PAYE and Making Tax Digital-1

PAYE and Making Tax Digital

HMRC’s Making Tax Digital project is about to make inroads into the PAYE and payroll systems. Employers will see an increase in the number of tax codes being issued during the tax year.

Since 1944 PAYE and the tax code has been a means of spreading an employee’s tax liabilities over the tax year and allowing the amount of tax deducted to vary with variations in weekly or monthly income.

PAYE now applies to around 41 million individuals – around eight million have either over or underpaid tax at the end of the financial year.

What is changing?

The use of the Real Time Information system by employers means HMRC receives digital employee data as soon as they have been paid.

According to HMRC:

  • Millions (of taxpayers) will pay less tax on a monthly basis by the end of the tax year because we will catch any overpayments sooner and prevent them from building up.
  • A smaller number, who previously would have had an unexpected bill at the end of the year, will pay the right tax from the moment their circumstances change, so they will be able to manage their tax payments better.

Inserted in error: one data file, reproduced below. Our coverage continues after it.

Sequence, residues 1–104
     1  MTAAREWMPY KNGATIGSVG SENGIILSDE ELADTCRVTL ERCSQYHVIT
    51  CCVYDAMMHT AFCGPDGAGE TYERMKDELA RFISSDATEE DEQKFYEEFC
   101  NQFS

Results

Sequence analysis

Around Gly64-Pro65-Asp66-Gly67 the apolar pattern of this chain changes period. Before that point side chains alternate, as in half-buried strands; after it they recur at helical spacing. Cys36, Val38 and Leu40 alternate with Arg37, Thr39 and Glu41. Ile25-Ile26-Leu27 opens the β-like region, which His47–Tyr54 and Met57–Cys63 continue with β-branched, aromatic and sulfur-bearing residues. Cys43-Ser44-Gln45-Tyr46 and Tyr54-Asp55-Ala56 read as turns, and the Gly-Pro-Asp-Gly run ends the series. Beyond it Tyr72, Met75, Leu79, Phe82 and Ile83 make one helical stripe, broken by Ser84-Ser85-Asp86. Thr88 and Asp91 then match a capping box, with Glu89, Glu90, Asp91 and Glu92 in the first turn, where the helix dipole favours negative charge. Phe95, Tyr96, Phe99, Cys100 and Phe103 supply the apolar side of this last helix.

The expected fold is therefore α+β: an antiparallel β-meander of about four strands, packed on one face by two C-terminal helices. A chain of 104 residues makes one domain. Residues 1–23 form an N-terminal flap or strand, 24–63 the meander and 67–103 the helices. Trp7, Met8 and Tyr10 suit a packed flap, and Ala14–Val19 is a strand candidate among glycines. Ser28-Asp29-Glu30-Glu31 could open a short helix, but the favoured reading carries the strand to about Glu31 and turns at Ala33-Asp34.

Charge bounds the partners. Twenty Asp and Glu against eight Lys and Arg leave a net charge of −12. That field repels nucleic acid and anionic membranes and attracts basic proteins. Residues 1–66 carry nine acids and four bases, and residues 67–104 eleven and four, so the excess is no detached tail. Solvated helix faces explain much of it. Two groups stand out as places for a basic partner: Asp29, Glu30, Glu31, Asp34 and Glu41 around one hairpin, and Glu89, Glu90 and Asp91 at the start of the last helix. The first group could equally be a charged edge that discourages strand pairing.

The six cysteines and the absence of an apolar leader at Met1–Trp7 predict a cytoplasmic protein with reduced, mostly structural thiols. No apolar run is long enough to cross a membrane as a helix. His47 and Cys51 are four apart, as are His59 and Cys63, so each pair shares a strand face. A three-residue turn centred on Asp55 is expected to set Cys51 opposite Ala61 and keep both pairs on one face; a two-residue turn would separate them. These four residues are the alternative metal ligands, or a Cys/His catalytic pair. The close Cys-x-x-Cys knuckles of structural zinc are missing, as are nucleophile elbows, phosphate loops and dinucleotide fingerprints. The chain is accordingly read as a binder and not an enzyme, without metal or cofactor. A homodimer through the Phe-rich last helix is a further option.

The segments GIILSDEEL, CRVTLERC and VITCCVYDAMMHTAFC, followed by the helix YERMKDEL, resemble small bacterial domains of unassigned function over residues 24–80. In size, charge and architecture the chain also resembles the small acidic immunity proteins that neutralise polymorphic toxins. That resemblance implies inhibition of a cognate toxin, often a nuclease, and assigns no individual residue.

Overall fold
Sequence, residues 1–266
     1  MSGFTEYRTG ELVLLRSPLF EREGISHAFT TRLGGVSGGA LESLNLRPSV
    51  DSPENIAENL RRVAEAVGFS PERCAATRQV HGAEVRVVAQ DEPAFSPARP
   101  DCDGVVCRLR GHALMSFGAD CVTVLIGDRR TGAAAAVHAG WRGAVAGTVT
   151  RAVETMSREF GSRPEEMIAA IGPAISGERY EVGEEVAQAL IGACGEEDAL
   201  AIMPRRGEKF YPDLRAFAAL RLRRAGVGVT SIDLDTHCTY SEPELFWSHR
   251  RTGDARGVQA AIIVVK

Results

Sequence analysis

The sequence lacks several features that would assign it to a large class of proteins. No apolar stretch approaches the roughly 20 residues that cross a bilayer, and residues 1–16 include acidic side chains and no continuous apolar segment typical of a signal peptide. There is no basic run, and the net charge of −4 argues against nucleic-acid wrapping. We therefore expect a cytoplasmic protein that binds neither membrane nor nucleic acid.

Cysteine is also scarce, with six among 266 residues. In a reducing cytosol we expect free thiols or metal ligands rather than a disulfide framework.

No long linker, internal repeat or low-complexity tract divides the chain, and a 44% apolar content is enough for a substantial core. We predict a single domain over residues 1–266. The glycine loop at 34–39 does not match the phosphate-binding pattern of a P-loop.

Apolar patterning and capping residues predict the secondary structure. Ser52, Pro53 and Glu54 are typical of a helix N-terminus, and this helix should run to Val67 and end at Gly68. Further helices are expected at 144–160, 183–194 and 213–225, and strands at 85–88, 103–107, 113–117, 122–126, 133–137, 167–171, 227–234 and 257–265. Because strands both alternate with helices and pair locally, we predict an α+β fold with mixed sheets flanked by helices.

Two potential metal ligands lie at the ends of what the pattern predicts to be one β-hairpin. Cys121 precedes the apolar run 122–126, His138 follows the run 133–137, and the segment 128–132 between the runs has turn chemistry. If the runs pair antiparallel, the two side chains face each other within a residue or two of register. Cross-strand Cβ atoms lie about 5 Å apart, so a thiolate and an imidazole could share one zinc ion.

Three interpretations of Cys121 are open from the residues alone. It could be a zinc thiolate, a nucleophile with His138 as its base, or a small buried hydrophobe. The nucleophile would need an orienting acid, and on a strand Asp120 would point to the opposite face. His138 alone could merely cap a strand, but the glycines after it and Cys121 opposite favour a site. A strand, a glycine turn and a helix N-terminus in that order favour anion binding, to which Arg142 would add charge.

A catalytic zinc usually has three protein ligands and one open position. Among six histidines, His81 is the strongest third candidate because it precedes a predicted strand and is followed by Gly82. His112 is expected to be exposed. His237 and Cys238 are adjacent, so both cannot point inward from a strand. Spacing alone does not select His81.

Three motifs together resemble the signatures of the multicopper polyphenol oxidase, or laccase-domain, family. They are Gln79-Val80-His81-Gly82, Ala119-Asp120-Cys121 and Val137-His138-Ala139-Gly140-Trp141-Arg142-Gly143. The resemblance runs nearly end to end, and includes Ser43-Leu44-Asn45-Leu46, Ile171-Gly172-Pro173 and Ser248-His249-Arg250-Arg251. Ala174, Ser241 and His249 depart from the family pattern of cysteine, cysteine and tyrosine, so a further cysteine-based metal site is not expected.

Does an employee have to do anything?

No, not in the short term. When HMRC is aware of a change in an individual’s circumstances, it will issue a new tax code and will write to the employee and employer (and advise a payroll agency by digital means if applicable) regarding the change.

If employees don’t understand the change, the letter from HMRC will encourage them to use their Personal Tax Account. This is where the Making Tax Digital project comes in. Personal Tax Accounts have been linked to HMRC internal systems so that they will be pre-populated with income and tax details that HMRC already hold. This includes employment income, PAYE and NIC and any state retirement pension.

From April 2018, it is intended that interest paid by banks and building societies will be included in digital tax accounts. In order for this to happen, banks and building societies will be required to provide information to HMRC earlier, and more frequently, than currently. Taxpayers will also be able to report any additional sources of income through their digital tax accounts in 2018.

Does an employer have to do anything?

Employers will see an increase in the number of tax codes being issued during the tax year but the way they are received does not change. The revised tax codes need to be applied before the next payroll is run.